There are various places to visit here including the caves and shelters of holy men. It is one of the 'Pancha Bootha Sthalams' (places of five elements) and the element here is Fire or 'Agni'. In Sanskrit, Thiruvannamalai is called 'Sonachalam', which means 'red mountain', symbolic of fire.
Some of the visiting places of Thiruvannamalai are given here:
Sathanur Dam of Thiruvannamalai
One of the relaxing places of Thiruvannamalai is the Sathanur Dam, situated 22 miles away from here. It is constructed across the river Pennar submerging a huge forest between two mountains. Here, one can also see a well laid out garden and well lit fountain. The visitors are attracted here for the swimming pool, a crocodile park and motor launch in the dam. This dam in Thiruvannamalai is suitable for one or two days stay. The tourists can avail the separate cottages, which are available with boarding.
This place is situated near Thiruvannamalai. A Siva shrine of olden times with three caves carved by the Pallavas can be seen here. It is said that the saint Ramana Maharishi got his first vision of supreme truth here and was drawn to Thiruvannamalai.
Kuvakam Koothandavar Koil
This place is situated 22 km south of Thirukoilur. It is famous for its annual festival of Aravan, the son of Arjuna. This festival is held in the month of May and the unique feature of this festival is that eunuchs from all over India assemble here to perform a vow to get married to Koothandavar at night and get widowed by next dawn. Thousands of these eunuchs visit and perform this vow.
Gingee Fort of Senchikkottai
This fort is about 150 km away from Chennai on the road to Thiruvannamalai. During the 9th century, this fort was a stronghold of the Cholas. Later, the Vijayanagar kings equipped and made it an impenetrable fortress.
It is the tallest rising at 600 ft in Thiruvannamalai. It is surrounded by massive granite walls pierced with gates and towers occupying about an area of 12 sq. km. One needs to climb the fort through a serpentine flight of rough steps. On the way to Rajagiri, the visitors can see the granaries, dungeons, queen's quarters, cool pools and a temple called Kuvalakanni temple. The citadel is unfriendly as it is perched on a steep cliff enclosed by deep gaps. The only way to go there is by an artificial bridge thrown across one such wide gap of 25 ft. wide and more than 80 ft. in depth.
Reaching in Rajagiri of Thiruvannamalai, big cannon in a mandap can be seen. It is facing the plains which once might have growled emitting volleys of fire on the enemy army approaching the plains.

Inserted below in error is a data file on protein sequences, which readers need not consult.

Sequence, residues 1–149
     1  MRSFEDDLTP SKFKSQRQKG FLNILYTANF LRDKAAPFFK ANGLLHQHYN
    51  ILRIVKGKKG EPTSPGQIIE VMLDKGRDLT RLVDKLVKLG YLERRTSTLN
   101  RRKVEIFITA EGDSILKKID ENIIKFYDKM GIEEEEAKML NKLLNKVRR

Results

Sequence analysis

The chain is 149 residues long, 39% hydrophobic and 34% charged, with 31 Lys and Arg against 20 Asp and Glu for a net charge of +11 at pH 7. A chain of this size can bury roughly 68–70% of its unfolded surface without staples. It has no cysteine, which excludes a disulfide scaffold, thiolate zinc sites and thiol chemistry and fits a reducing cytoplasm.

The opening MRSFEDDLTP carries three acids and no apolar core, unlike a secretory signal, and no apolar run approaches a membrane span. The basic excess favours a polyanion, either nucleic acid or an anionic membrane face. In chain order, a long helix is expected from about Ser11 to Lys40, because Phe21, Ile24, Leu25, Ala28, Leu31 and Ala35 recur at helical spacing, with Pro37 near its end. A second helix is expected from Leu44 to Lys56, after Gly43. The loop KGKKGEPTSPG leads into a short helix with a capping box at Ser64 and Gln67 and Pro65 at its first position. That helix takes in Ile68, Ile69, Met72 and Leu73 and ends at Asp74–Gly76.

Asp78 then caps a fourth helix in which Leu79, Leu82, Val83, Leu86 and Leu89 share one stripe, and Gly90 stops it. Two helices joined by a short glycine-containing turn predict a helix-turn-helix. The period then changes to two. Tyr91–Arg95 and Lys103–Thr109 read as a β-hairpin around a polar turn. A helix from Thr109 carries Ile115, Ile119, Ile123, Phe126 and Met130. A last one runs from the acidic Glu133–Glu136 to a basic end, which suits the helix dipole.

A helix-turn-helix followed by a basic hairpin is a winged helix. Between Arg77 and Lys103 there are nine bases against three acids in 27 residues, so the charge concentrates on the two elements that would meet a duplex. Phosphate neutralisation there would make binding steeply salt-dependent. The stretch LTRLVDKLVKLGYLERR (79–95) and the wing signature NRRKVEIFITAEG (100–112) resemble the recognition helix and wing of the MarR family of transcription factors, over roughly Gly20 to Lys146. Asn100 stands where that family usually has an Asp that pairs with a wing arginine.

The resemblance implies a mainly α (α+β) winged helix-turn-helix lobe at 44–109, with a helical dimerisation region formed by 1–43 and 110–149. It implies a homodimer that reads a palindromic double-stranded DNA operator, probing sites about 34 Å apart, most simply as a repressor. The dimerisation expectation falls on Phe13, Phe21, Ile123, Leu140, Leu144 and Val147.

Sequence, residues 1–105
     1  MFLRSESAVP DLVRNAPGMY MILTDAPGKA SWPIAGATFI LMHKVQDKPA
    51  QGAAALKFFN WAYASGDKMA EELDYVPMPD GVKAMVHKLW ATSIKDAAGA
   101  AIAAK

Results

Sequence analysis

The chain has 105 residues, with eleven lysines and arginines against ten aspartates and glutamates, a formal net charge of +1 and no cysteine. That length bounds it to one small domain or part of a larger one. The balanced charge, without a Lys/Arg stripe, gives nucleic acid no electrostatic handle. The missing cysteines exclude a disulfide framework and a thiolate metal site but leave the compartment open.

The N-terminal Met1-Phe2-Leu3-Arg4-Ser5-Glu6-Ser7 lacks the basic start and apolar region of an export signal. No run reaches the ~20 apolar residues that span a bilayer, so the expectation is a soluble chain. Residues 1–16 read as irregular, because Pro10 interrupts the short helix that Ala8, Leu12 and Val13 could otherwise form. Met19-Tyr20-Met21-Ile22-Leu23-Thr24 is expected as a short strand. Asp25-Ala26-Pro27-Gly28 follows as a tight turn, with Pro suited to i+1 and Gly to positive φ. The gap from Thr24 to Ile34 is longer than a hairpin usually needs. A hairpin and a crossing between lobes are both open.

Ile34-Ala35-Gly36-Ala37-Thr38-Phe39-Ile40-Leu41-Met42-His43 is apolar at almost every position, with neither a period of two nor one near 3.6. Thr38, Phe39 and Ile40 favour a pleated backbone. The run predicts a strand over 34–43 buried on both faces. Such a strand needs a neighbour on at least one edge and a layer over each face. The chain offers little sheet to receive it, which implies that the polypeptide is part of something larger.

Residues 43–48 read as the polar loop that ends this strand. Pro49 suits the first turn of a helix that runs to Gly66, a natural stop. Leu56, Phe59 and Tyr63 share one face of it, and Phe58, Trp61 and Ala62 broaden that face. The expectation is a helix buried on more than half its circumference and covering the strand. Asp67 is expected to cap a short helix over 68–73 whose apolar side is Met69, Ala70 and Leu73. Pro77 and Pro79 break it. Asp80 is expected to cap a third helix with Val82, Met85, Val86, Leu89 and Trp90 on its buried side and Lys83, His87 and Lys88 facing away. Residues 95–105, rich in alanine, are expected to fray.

Beehives cling to the precipitous sides and one can witness a thrilling sight of the hill tribes extracting honey dangling in the air. The Cholas, Vijayanagar kings, Rajputs, Marathas, French, Nawabs, the Nayaks and the English evinced keen interest in keeping the strategic citadel.
The small hill is climbed by a flight of steep steps cut on the buttress of the fort. It is said that the ballads of Raja Desingh immortalised the fort. He defeated the Mughals with a great courage but was later killed deceitfully. After his death, the entire harem committed sathi, means self immolation. Even today a pit near the tank called 'Chakkara Kulam' is shown as the place where it happened.
This place is situated on the road to Villupuram from Gingee on the southern side. A famous Siva temple called Thalapuriswara was built here by a Pallava king named Rajasimha. The fine wall paintings found here still exist in good condition and illustrates the typical Pallava style.
This is a famous rock-cut cave temple of Pallava king Mahendra Varma. It is situated about 17 km on the way to Gingee from Villupuram. The king proudly said that this temple built by him will last for ever as they are made without mud and wood.
This place is the headquarters of the chief Jain monk and possesses rare Jain manuscripts. It can be seen on the way to Tindivanam from Gingee. One can see lots of temples here, which are dedicated to Jain Tirthankaras. The Jain temples of Mylapore were shifted to this remotely placed inland during the beginning of Christian era when portions of Mylapore were submerged under the sea. Some fine carvings can be seen here in this place. This temple is often visited by the Jain research scholars. A good number of Jains scattered nearby come for worship.
This is another rock-cut temple built by Mahendra Varman, the Pallava king. The temple here is called Satru Malleswaram. The name is derived from Satrumalla, one of the titles of Mahendra Varman.
The temple here is a place to be visited by the tourists. It is situated near Tindivanam on the banks of the river Varaha Nadhi. Some part of this temple was erected by Sembian Mahadevi, the Chola queen.
The place has various reasons to be curious. The entrance way is not aligned in a line. The Nandi of this temple is also taken away from its usual place in front of the sanctum. An unusual mudra of the Chathura Dance pose of Nataraja can be seen here. Another reason behind this place being famous is the trees that have become rocks and fossilised due to passage of time. In a special park, these are displayed. Hundreds of people gather here during full moon nights to worship the multi-handed Kali known as Vakra Kali Amman enshrined near the front gopuram. Here, is a strange convention regarding the puja in this temple. The regular Puja is performed in the period known as 'Ragukalam' or the period under the influence of Ragu.
This place is visited for seeing the standing carved stone bulls. These can be seen on the way to Pondicherry from Tindivanam.
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